The main event was the home of Antwerp's most famous resident, Pieter Paul Rubens. He actually collected a lot of paintings by others, which the museum has, whereas his own work is now in leading museums worldwide, so only a few of the many paintings there are actually his. Two that are are an early work, "Adam and Eve," and a depiction of the Annunciation, when Mary is told she is to be Christ's mother. It was done after his visit to Italy, where he learned much about light, color and the depiction of movement. The home itself was also an attraction; Rubens worked hard to portray himself through his home as a successful and cultured artist.

Nearby is a small but excellent museum created for the collection of a wealthy early 20th century Antwerper, Mayer van den Bergh. These five portraits of the members of the Vekemans family were painted by Cornelis de Vos, a contemporary of Rubens. Perhaps the best paintings are "Mad Meg" by Pieter Breughel the Elder, and two others by his eponymous son.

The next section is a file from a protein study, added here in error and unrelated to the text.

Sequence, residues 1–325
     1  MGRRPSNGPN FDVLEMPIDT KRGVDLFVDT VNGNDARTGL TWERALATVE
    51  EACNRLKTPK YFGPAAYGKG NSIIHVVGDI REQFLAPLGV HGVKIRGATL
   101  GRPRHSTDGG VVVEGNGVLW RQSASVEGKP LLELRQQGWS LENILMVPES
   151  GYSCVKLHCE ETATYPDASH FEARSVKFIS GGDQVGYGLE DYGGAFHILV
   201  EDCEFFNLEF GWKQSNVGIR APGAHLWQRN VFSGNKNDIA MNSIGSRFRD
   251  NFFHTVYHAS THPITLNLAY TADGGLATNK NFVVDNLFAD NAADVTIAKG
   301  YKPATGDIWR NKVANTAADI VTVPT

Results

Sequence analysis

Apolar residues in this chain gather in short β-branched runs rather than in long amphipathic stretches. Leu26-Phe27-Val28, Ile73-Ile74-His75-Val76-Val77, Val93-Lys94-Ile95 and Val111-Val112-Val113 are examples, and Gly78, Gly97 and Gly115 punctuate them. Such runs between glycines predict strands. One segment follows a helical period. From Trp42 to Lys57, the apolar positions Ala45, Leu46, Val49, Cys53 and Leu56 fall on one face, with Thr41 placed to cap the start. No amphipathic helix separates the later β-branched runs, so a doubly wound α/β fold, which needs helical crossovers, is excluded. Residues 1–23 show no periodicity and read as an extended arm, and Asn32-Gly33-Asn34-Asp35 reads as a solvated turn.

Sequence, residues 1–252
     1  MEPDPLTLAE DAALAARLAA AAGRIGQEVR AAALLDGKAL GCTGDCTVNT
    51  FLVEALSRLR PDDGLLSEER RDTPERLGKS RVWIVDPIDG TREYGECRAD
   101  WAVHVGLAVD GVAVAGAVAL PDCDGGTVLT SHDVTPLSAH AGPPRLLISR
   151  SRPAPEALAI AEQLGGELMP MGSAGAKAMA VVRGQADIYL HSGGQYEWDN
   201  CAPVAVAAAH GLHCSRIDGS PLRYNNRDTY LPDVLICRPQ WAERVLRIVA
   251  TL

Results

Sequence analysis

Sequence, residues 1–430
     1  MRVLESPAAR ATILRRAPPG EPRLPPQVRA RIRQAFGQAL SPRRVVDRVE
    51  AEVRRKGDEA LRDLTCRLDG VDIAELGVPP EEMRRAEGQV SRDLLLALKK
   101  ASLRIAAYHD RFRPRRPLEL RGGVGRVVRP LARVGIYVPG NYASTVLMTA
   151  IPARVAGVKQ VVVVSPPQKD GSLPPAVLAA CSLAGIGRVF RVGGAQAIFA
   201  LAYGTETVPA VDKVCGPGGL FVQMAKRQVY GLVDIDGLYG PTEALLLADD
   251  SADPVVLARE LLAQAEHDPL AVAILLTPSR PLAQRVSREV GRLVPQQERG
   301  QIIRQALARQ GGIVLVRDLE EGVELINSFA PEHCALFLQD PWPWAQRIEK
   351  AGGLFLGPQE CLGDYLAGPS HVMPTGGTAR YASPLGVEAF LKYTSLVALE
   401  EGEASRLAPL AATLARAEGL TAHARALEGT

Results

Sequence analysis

We had one more destination to check off, Het Steen, an 800 year old castle that is the oldest building in Antwerp today. It also is home to one of its oddest statues, "Lange Wapper," a character from Belgian folklore. Along the way we admired the exuberant Belgian architecture and architectural ornament, especially the statues.

Since Riet did have that job to go to, we took off for a one-night visit to Ghent, taking the train from Antwerp's cathedral-like Central Station.

It was a low-key, low-expense visit, mainly walking about and taking in the Flemish architecture, similar to but a little more ornate than we've been seeing in the Netherlands.

We particularly admired the complex roof lines.

Ghent, too, has a 12th century castle close to the center of town. In the 19th century, Ghent became "the Manchester of the continent," and the castle became a cotton factory! It's now back in full "castle" mode, and we've seen plenty in the past few weeks, so we just took the photos from the outside and moved on.